What to Expect
Submitted by dan on Wed, 11/02/2011 - 12:43
When you connect using the VPN client, there are a few circumstances in which things behave differently. This list is an attempt to mention some of those differences as well as some best practices for using the VPN.
- Travel. If you are planning to travel, please be sure to install and test the VPN client before you leave campus. It is much more difficult to troubleshoot a client installation when you are far away on a public network.
- Connect Time. It is recommended that you disconnect your VPN session when you complete your work. While a session can theoretically last for days, it will be disconnected by any connectivity issues between your computer and the VPN endpoint on campus. The VPN protocol does send occasional "keepalive" messages to make sure the network connection is still in place; if it fails to receive these messages for a short period of time, it will disconnect. This means that any significant service disruption in your wireless network, your DSL/cable provider, the internet providers, or the Georgia Tech network will cause your VPN to disconnect. It's best to disconnect in a controlled fashion when you're done with it rather than wait for a random circumstance to do it in the middle of the night.
- Computer Safety. The VPN service is intended to connect computers that are owned by you or by Georgia Tech. Its use requires the installation of software using an account with administrator permissions and also requires the machine to have appropriate anti-virus, anti-spyware, and firewall software in place so that the machine is not a danger to the rest of the campus network community. Please don't attempt to install the client software on computers that you don't administer.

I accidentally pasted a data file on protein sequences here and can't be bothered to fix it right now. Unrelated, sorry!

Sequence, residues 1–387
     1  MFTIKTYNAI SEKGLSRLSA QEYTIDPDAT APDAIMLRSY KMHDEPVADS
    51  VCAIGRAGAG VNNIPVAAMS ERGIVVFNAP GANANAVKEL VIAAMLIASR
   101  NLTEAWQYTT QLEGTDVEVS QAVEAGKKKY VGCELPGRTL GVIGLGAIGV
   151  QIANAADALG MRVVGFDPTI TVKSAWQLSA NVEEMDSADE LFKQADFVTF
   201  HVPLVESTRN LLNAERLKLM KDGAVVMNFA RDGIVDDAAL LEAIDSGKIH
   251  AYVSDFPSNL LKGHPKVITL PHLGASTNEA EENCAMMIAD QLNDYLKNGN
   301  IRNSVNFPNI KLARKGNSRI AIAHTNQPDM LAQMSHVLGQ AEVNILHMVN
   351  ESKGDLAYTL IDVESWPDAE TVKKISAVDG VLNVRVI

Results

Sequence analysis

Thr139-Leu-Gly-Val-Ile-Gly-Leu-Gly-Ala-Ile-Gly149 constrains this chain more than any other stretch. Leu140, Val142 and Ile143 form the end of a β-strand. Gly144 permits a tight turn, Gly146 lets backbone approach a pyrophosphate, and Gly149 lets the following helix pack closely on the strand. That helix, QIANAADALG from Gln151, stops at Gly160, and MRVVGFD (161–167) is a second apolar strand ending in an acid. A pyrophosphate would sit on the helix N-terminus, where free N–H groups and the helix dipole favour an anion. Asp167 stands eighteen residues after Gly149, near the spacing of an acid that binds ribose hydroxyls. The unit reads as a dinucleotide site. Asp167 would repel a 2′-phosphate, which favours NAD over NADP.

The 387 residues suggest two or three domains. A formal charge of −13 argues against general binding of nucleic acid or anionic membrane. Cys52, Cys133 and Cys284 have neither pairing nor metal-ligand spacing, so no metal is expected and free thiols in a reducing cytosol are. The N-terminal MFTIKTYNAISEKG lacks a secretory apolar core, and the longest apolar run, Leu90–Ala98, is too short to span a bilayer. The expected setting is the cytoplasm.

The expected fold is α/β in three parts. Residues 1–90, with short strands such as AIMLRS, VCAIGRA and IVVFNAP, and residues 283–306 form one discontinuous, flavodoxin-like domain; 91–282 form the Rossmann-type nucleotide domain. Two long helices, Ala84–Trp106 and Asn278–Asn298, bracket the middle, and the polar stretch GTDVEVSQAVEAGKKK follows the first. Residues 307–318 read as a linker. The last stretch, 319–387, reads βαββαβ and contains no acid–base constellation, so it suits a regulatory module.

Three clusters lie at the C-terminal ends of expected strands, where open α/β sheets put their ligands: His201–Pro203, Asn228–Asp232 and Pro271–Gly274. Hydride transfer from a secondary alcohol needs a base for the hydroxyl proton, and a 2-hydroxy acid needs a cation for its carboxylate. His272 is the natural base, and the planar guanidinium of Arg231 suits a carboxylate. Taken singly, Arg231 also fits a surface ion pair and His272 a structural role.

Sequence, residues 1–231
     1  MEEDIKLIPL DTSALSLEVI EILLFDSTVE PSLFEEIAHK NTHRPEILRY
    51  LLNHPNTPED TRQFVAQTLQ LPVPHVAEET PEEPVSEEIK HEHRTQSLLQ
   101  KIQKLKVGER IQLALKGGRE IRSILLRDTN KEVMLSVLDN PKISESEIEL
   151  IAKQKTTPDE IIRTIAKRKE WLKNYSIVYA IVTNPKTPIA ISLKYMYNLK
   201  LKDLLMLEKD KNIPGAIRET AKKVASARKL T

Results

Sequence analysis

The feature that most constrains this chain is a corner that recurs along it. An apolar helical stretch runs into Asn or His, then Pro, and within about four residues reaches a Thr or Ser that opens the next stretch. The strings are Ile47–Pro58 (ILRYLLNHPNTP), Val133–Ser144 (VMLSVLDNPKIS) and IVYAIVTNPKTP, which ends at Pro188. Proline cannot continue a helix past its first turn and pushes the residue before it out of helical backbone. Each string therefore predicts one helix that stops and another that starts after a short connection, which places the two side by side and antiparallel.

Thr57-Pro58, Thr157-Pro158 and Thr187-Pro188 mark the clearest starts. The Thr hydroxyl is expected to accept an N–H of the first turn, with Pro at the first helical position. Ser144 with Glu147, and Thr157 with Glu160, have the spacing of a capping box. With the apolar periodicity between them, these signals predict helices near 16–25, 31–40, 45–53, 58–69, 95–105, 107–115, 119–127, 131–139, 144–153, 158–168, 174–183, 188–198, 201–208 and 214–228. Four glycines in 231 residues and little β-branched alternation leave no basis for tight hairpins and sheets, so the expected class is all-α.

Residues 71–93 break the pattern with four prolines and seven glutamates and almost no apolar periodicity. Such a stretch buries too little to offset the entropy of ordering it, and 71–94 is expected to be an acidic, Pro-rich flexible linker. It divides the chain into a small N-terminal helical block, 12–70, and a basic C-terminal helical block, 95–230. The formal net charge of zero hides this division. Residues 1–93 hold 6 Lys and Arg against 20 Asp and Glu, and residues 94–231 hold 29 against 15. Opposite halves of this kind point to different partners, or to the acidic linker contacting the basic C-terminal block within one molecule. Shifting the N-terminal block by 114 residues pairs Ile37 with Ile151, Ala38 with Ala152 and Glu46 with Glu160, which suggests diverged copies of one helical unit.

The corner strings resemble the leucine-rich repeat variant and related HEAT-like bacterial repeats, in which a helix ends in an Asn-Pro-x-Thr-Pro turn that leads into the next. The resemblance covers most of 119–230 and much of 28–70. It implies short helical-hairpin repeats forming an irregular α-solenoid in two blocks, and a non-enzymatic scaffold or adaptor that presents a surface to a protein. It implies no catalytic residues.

- Computers that Provide Services. Any network services your client offers to other systems will likely become unavailable while the VPN client connection is active. In addition, we explicitly block incoming connections to client machine services, so you will not be able to provide services via the Georgia Tech IP address assigned to your VPN session.
- Licensing and Export. The Cisco VPN Client software is licensed for use with the OIT VPN service and you may install it on both personally-owned and institute-owned equipment. Cisco specifies this software as "unrestricted" in terms of US export compliance, but we have no information on import compliance in countries other than the US.
- Reliable connection. Use of the VPN client requires a reliable network connection. The client keeps in contact with the server through a series of keepalive messages; if too many of these messages are lost, the VPN client will disconnect from the server. In other words, if you have poor connectivity before you connect the VPN, making the VPN connection will not improve your connectivity.
- Wireless connections. Use the VPN client when on a wireless network, especially a public network. The VPN connection obscures all of your traffic with encryption. Even if a eavesdropper breaks the wireless network's security (which is often not hard to do), all of your traffic will remain unintelligible.
Other information of Interest
- Security Model. The security model in place for this VPN is very similar to that used for the Residence networks; in other words, most services available to the Residence Hall residents are available to the VPN and vice versa. Although it may not be implemented in the initial versions, for the safety of the campus network we reserve the right to do a basic scan of client machines and to reject or terminate connections from dangerously compromised client machines.
- Not our location. There is no guarantee that this service will work from every possible location. Unfortunately Georgia Tech can't control network configurations outside its campuses. It is known that certain hotels, airports, wireless hotspots, and internet providers have configured their networks in such a way that outgoing VPN connections are not permitted. For this reason, you should not depend solely on the use of this service while traveling.